In the fall of 2009, when I decided to write a book about my adopted Italian village and its rich history of sustainable food and energy production, I had no idea that I would soon get involved in the birth of a community-wide cooking school.
It all started with a contadino named Guido, who is the grandfather of my friend Federica. A brainy and beautiful young woman from Radicondoli, Federica had just graduated from the University of Padua as a Dottoressa in psychology–her education having been funded by savings from the sale of some of Guido’s cows years before. To celebrate the completion of her degree, Federica made a trip to America with me. Each night at dinner, she told stories about her grandfather’s campo (“field”), which was the source of nearly everything her family consumed. From Guido’s campo came all of the family’s vegetables, fruits, nuts, meat, poultry, eggs, olive oil and wine. That campo, combined with Guido’s hard work and devotion to the rhythms of the land and its seasons, had paid big dividends for his family and created the foundation for a way of life that cannot be bought at any price in the great cities of the world.
One thing about our village that has always impressed me is the unbelievably delicious food made in the local kitchens. Whether it’s the pizzeria, the central bar, or a private home, the standards are consistently high. Butter and sage topped gnocchi that melt in your mouth, tomato and pine nut drenched ravioli filled with fresh local sheep’s milk ricotta and nettles picked in the fields that morning, handmade pappardelle noodles dressed in a rich ragu made with wild boar from the mythic oak forest of the Colline Metallifere, heavenly tiramisu golden with the eggs of local hens. I knew what it was like to eat in Radicondoli, but now that I was writing a book, I decided to get in behind the scenes and find out HOW this food was made.
There was one problem: I couldn’t speak more than the most basic Italian, and the best cooks spoke in a local dialect.
My dear friend, Giovanna Hipting, who owns a wonderful little shop in the middle of town (Pacini & Figlio) and is called by many a visitor the Saint of Radicondoli, took the time to set up appointments for me with village women. She then went with me to those meetings to translate instructions. Soon I was getting cooking lessons in the inner sanctum of Radicondoli–its private kitchens. The first thing I learned–and this was from Federica’s mother Laura Castellini, who is an amazing cook–is that no one in this village uses a recipe, and when they set out to tell you how they made a dish, they usually forget one or two steps or ingredients.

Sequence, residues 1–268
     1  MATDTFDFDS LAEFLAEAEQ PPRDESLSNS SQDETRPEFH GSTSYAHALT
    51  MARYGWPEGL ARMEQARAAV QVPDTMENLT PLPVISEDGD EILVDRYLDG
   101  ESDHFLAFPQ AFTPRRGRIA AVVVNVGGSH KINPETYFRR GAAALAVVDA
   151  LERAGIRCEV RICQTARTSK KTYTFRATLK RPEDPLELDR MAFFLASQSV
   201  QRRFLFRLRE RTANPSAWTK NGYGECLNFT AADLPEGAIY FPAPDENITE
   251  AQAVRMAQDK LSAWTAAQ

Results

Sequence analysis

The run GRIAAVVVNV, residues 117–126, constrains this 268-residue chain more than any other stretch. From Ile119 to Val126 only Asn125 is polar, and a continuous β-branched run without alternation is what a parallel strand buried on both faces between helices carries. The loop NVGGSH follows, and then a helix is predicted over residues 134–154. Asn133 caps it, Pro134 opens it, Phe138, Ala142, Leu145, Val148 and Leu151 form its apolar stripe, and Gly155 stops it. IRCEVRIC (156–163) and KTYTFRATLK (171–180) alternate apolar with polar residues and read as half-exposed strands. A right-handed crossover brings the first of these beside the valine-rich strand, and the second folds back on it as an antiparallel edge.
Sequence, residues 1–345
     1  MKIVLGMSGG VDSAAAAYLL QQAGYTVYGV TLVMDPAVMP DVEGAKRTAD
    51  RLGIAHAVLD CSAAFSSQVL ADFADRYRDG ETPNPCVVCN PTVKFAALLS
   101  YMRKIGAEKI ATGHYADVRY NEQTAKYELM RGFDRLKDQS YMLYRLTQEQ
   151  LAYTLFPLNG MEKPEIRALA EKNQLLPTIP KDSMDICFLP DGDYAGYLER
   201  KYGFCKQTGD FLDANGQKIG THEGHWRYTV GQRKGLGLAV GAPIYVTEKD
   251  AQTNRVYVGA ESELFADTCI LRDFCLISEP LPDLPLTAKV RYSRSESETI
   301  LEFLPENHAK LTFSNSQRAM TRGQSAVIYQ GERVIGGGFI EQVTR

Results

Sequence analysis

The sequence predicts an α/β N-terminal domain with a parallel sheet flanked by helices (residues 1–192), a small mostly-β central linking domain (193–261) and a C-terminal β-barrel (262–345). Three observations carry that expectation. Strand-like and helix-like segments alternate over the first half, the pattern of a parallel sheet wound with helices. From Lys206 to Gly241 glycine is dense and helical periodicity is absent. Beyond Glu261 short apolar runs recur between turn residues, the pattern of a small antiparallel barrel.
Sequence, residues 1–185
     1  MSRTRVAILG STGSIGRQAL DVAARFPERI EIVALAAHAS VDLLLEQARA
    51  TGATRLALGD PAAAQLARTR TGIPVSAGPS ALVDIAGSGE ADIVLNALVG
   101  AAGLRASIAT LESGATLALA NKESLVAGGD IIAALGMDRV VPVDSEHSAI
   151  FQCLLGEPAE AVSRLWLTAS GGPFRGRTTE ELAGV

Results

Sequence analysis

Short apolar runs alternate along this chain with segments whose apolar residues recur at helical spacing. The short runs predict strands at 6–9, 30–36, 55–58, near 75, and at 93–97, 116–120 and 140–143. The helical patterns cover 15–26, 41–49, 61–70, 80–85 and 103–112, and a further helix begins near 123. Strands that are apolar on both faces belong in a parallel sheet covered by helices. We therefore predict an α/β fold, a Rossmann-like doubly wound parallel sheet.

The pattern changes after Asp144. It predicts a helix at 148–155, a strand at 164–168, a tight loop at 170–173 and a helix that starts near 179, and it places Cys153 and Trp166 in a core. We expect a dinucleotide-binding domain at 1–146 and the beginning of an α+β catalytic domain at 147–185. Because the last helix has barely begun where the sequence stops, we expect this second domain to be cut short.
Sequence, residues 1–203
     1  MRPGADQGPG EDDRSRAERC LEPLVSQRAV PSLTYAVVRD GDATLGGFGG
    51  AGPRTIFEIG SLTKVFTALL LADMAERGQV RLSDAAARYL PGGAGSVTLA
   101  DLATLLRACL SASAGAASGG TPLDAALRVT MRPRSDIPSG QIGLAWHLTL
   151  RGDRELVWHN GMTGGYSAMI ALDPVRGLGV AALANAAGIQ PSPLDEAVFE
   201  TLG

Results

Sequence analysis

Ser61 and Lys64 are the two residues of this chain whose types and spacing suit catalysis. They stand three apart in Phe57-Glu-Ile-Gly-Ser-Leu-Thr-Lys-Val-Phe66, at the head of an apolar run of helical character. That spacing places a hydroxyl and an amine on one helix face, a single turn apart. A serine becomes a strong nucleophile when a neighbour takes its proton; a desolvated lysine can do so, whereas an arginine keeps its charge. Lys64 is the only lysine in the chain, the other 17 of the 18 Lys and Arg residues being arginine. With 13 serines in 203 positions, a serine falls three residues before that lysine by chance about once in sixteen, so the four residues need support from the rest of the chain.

My initial idea was to take notes as the women cooked. I was thinking I would make lists of ingredients and steps and soon have a wonderful collection of recipes. But something else was going on that I had never before considered. Over the course of the month, I realized it wasn’t as much WHAT they were doing as HOW they were doing it that made their food just burst with flavor. This really was not a cucina that could be taught in a cookbook–it needed to be learned in vivo, at the source.
I was perhaps halfway into my month-long immersion tour of village gardens and kitchens when Giovanna floated an idea. We were up in her family’s third story apartment resting after a satisfying lunch cooked by her mother-in-law, Irma Pacini, when she said to me in a prophetic tone, “Marlane, why don’t we start a cooking school?”
Much to my amazement, I heard myself answering, “Why don’t we? The cooks of Radicondoli can be the teachers!”
Then the ideas started to flow. Emanuela could teach us how she works with what’s growing in her garden or being caught on her father’s boat in the Mediterranean to prepare a stupendous repertoire of seasonal menus. Tommaso could teach us to make his light-as-air pizzas. Giovanna Porcu could teach us to make handmade ravioli with cheese from her family’s sheep farm. Clizia could teach us the secrets of _cucina povere_, the art of turning the simplest of ingredients into a culinary masterpiece. Of course, each one of these cooks has a battery of delectable dishes, from lasagna with nettles and ricotta to pork loin stuffed with wild fennel. Wouldn’t it be fun to learn their different techniques and kitchen secrets? Wouldn’t it be fun to go to a cooking school hosted by a village?
We decided to give it a try. I sent out an email to a few of my friends, who passed the message along to their friends. We received an immediate, overwhelmingly enthusiastic response from people all over the country. Two advisory groups came the following spring, and we had a blast.
As I got to know the people who had come and their reasons for making the trip, I realized that the success of this cooking school was rooted in a shared nostalgia for a way of life that is not only missing in most of America, but which is fast disappearing even from Italy—a culture built around community and homegrown, homemade foods enjoyed with family and friends. Il Campo is so much more than a cooking school–it is a doorway into the past, an immersion into a living, breathing way of life that is fundamentally different from our own, and from which there is an abundance to learn, to harvest, and bring home. And I hope that those who come will take Il Campo “the field,” home with them and create their own little piece of paradise wherever they go.
–Marlane Agriesti Miriello, Radicondoli (SI), Italia
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